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The human brain is made up of billions of interconnected neurons about the size of a pinhead. As neurons interact, patterns manifest as singular thoughts such as a maths calculation, and broad emotional states such as attention. The average human thinks 70,000 thoughts each day. As a by-product, every interaction between neurons creates a miniscule electrical discharge, measurable by EEG (electroencephalogram) machines. By themselves, these charges are impossible to measure from outside the skull. However, a dominant mental state, driven by collective neuron activity created by hundreds of thousands concurrent discharges, can be measured.

Through a century of experimentation, neuroscience experts have determined where specific activity occurs within the brain. Motor control of limbs occurs in the top of the brain, for example. Vision is processed in the back of the brain. From an evolutionary point of view, these basic functions are present in most animals. As humans evolved into more intelligent creatures, the pre-frontal cortex in the front of the brain is where higher thinking occurs. Emotions, mental states, concentration, etc. are all dominant in this area. This is the primary reason for NeuroSky’s main sensor placement on a position known as FP1.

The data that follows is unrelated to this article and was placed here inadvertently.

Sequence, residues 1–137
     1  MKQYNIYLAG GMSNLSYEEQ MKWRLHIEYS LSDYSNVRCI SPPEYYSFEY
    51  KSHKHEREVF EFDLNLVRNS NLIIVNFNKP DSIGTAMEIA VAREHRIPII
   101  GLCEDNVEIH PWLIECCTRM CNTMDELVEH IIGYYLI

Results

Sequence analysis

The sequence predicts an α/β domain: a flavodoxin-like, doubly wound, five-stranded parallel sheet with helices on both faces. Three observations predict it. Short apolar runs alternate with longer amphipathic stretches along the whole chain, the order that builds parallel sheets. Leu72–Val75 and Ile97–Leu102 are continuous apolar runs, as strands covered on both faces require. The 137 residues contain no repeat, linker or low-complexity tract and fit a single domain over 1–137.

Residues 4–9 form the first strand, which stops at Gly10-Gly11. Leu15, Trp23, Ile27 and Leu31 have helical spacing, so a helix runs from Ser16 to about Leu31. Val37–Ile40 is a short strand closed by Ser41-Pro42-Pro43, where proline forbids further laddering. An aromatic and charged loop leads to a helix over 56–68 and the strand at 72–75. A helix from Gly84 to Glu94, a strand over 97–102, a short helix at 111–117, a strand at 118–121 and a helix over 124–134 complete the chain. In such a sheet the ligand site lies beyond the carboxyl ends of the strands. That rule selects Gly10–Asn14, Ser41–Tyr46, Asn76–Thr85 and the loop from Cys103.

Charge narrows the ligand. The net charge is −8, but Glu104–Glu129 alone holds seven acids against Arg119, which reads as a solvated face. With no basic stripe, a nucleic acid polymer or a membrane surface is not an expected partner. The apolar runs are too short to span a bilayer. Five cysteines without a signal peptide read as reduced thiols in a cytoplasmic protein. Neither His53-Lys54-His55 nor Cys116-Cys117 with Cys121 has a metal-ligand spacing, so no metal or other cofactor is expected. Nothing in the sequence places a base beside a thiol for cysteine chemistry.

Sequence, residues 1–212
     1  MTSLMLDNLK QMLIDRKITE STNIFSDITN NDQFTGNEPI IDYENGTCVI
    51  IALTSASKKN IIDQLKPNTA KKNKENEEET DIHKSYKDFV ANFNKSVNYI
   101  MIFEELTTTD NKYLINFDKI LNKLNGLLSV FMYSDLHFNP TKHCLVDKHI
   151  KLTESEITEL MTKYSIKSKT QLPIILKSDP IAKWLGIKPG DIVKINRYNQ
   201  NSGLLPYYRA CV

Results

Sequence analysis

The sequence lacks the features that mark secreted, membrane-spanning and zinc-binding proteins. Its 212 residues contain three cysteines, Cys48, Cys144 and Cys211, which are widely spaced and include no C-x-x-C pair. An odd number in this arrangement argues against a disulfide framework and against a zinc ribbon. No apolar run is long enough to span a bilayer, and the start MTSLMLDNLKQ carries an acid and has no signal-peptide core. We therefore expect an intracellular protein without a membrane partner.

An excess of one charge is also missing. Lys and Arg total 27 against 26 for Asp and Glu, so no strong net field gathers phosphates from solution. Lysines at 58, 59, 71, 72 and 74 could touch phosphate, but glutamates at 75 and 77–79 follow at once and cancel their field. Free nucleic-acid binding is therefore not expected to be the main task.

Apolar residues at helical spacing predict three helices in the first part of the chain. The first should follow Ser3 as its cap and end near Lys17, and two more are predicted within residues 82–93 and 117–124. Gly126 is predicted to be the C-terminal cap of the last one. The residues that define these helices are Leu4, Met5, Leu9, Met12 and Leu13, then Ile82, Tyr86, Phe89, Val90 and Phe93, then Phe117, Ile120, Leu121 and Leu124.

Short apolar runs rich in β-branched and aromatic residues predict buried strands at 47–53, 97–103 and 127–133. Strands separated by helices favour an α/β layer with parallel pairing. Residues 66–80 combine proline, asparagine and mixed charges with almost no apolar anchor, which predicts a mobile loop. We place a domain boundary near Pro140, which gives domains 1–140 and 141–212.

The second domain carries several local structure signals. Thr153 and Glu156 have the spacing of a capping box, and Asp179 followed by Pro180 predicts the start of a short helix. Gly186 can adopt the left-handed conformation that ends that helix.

Different brain states are the result of different patterns of neural interaction. These patterns lead to waves characterized by different amplitudes and frequencies. As examples, brainwaves between 12 and 30 hertz, Beta Waves, are associated with concentration, while waves between 8 and 12 hertz, Alpha Waves, are associated with calm relaxation. Often overshadowing brainwaves, the contraction of muscles is also associated with unique wave patterns, called EMG. Isolating these EMG patterns is how some NeuroSky devices detect eye blinks.